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HIGH AND LOW GERMAN

Low German Recordings

Reuter Guild ImageMost Wisconsin Germans were Low German-speaking, though a sizable percentage also had a good knowledge of the High German standard, which was reinforced not only by clubs like the Plattdeutscher Verein, but also German-speaking churches. Although most speakers of Low German in Europe have been literate in High German only, a number of people have produced original literature in Low German and other dialects. Germany’s most famous dialectauthor was Fritz Reuter (1810–1874). Born in Stavenhagen, Germany, Reuter wrote a large number of novels in his native Low German, thereby contributing significantly to the prestige of all German dialects as legitimate vehicles for literature. Mark Twain, who drew heavily on dialect in his own writings, mentions Reuter’s works in “A Tramp Abroad.”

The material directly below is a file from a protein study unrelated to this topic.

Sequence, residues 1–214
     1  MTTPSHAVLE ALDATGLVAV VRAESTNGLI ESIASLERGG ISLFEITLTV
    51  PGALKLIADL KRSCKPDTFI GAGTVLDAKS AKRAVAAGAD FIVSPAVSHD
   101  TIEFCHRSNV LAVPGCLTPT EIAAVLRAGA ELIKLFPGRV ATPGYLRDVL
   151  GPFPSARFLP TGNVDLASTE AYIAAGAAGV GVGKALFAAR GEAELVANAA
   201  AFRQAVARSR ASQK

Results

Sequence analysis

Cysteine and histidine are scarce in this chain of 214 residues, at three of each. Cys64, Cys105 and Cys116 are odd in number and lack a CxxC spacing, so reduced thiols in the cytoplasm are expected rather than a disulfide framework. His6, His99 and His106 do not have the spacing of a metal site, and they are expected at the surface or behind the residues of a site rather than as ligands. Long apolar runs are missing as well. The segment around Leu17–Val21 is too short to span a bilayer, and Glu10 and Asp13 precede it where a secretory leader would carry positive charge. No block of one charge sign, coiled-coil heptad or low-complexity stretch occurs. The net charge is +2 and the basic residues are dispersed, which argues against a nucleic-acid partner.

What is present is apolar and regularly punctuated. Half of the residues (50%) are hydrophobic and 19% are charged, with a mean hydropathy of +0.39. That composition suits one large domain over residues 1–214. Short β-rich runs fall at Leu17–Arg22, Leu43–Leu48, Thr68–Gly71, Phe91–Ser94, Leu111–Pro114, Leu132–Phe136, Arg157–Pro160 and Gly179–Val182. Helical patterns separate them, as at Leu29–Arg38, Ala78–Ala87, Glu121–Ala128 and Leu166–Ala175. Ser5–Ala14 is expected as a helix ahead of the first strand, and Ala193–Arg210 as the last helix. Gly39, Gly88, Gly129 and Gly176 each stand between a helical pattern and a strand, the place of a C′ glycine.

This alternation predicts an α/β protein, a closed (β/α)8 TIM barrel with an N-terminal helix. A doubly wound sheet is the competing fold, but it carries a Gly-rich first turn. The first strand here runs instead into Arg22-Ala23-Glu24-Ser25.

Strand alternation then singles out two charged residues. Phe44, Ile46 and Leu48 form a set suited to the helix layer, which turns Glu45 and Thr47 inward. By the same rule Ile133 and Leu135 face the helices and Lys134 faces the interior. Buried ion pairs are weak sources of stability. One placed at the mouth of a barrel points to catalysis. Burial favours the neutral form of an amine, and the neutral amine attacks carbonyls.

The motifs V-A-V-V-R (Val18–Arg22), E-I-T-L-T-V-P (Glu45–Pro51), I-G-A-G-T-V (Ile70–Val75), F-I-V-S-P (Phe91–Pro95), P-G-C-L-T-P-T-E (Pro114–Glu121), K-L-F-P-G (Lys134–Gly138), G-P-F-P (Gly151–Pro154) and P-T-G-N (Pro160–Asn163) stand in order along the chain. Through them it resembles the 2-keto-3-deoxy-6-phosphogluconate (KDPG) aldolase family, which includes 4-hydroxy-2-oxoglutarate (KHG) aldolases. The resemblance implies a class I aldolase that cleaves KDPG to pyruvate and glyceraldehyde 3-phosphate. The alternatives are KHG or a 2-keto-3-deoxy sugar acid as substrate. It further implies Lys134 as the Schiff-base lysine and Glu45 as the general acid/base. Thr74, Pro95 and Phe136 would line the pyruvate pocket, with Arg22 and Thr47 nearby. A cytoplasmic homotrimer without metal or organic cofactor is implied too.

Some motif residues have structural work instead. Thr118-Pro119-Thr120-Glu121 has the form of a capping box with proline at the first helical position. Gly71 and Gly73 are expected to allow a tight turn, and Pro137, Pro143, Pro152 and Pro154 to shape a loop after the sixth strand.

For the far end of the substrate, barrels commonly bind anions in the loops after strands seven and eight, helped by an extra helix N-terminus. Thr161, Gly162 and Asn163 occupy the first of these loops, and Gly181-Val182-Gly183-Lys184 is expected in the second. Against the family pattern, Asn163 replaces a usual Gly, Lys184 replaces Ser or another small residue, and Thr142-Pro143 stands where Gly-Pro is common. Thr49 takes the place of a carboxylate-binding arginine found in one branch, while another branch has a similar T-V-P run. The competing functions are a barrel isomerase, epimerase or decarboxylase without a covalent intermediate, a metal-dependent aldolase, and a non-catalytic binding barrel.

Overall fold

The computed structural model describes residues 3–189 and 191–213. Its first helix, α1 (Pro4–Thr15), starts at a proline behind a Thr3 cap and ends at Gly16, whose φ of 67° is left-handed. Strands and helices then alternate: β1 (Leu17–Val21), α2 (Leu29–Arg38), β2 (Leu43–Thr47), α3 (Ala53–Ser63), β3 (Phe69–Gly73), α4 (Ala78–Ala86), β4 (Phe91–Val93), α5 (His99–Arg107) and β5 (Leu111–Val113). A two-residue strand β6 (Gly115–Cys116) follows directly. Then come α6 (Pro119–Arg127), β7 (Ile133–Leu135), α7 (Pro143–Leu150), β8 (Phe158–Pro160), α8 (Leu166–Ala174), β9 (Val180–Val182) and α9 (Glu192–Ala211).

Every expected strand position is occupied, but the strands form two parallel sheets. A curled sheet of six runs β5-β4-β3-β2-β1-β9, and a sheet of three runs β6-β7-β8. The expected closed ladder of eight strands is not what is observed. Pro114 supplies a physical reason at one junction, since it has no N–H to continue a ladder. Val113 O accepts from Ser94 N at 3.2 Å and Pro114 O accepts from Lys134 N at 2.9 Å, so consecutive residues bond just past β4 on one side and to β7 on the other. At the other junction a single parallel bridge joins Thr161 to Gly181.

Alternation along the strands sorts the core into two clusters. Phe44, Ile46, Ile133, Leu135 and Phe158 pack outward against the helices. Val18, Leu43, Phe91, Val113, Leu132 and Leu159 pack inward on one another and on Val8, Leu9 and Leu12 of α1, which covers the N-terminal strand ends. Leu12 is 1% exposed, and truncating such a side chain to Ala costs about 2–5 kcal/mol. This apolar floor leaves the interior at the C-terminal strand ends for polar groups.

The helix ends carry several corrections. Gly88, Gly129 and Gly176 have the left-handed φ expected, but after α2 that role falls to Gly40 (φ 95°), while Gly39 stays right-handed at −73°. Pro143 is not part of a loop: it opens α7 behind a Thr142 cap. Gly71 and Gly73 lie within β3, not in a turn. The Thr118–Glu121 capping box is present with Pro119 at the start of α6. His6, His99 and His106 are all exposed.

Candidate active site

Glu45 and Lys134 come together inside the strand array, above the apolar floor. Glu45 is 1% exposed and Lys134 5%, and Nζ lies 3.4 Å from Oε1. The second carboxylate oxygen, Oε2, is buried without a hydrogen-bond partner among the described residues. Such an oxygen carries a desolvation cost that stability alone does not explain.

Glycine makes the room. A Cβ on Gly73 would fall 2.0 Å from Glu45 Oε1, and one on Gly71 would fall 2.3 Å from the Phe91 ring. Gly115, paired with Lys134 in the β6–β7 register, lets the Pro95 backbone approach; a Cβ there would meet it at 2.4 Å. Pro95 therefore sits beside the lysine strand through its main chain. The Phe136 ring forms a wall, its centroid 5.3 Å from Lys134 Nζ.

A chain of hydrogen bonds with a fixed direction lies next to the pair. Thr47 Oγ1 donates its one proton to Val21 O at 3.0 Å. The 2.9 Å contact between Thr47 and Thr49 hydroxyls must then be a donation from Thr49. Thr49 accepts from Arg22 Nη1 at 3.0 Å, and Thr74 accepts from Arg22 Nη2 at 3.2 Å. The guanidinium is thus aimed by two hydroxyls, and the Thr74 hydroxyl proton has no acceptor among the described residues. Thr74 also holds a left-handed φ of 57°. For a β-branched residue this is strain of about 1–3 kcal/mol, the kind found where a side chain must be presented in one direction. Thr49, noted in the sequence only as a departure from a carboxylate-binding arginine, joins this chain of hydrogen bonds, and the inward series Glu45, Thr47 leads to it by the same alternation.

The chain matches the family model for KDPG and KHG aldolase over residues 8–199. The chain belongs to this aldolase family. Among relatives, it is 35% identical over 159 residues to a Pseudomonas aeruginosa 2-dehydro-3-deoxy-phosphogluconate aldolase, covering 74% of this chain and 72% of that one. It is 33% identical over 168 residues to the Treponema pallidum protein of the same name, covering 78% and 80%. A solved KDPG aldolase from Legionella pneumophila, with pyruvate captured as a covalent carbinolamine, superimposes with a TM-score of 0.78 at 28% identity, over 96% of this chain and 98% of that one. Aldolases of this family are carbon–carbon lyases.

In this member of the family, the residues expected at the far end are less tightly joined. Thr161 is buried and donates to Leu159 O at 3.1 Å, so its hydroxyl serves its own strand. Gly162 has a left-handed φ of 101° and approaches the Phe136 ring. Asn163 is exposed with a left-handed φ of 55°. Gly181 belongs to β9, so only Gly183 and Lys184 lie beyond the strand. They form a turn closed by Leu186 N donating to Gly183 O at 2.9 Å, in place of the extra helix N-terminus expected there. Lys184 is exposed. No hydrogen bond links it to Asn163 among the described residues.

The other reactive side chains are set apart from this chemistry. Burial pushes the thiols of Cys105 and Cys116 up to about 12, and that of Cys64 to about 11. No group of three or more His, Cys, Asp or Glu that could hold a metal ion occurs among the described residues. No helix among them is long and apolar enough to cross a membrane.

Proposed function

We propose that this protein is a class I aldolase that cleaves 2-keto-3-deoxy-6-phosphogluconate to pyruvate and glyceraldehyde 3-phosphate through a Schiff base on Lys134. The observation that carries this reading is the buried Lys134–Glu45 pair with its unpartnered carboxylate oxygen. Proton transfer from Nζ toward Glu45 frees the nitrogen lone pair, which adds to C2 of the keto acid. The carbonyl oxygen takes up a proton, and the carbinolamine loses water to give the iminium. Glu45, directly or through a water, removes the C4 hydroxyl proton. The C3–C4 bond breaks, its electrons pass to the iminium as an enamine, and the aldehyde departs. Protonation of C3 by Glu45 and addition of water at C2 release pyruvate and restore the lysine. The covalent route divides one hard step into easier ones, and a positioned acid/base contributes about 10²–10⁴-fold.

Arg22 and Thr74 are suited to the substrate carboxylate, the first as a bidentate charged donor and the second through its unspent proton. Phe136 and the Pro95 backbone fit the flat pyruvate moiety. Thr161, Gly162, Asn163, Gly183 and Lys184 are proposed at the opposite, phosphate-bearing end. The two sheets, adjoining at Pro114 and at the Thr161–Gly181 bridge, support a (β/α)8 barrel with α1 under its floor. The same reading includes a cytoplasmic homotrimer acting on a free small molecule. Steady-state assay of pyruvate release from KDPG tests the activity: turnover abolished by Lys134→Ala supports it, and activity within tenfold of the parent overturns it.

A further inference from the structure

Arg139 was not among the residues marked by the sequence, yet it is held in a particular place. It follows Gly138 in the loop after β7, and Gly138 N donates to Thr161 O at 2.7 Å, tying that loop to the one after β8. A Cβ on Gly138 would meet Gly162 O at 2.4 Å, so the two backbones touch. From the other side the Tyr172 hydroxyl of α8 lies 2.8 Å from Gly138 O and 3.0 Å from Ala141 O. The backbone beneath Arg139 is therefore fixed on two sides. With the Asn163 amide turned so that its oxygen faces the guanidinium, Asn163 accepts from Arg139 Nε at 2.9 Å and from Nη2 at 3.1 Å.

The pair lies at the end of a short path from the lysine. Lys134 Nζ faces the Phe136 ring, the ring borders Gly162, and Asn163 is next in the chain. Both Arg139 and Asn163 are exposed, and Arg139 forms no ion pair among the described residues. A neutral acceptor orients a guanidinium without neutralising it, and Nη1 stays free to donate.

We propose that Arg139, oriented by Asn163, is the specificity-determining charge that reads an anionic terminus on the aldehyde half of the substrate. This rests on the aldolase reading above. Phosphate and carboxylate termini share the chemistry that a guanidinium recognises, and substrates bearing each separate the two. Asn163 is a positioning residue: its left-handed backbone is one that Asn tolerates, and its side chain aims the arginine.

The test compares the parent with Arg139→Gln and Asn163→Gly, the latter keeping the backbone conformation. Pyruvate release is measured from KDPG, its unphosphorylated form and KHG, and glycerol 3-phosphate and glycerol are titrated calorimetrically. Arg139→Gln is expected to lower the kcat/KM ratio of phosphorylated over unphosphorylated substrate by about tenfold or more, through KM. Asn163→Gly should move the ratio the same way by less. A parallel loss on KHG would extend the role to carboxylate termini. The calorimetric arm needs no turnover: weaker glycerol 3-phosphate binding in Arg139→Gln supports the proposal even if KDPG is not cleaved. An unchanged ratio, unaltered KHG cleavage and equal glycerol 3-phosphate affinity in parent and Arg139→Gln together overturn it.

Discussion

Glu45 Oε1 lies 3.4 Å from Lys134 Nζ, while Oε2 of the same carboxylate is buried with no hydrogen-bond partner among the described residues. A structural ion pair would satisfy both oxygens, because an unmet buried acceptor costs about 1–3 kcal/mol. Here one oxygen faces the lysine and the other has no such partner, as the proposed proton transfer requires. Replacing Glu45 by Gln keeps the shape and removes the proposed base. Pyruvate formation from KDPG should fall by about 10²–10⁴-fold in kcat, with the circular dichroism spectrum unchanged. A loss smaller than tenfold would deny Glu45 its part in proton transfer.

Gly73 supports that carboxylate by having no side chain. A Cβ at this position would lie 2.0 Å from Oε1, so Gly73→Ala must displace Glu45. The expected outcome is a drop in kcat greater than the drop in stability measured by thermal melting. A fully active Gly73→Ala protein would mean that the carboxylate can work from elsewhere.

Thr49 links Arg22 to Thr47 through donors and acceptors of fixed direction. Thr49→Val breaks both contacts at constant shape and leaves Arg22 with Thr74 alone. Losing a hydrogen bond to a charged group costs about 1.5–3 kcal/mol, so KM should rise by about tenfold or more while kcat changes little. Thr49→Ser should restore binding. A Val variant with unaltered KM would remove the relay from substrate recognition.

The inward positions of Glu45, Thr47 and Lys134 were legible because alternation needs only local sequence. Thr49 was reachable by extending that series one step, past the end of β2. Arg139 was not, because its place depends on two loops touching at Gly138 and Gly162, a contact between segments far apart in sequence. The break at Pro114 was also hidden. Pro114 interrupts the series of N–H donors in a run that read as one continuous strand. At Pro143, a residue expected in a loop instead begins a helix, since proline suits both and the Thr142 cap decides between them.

Because of the large representation of Low German-speakers across Wisconsin, especially people whose ancestors came from Pomerania, many of the MKI’s archival recordings are of Low German dialects. The earliest of these were made by Prof. Lester W. J. “Smoky” Seifert (1915–1996), born in Juneau, Dodge Co., WI, in the 1940s, a third-generation Wisconsinite.

Smoky Seifert ImageProf. Seifert conducted interviews with many speakers of the Oderbrüchisch dialect, which he himself spoke natively, along with High German and English. He was a professor of German at the UW–Madison and a leading figure in German-American linguistics, not only because of his research on Wisconsin German, but also Pennsylvania Dutch, on which he wrote his doctoral dissertation. Many of the MKI’s other interviews were made by by Prof. Jürgen Eichhoff, now retired from the UW–Madison and living in Wiesbaden, Germany. Prof. Eichhoff grew up in Hamburg and, like Prof. Seifert, learned both Low and High German natively.

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Last Updated: October 27, 2010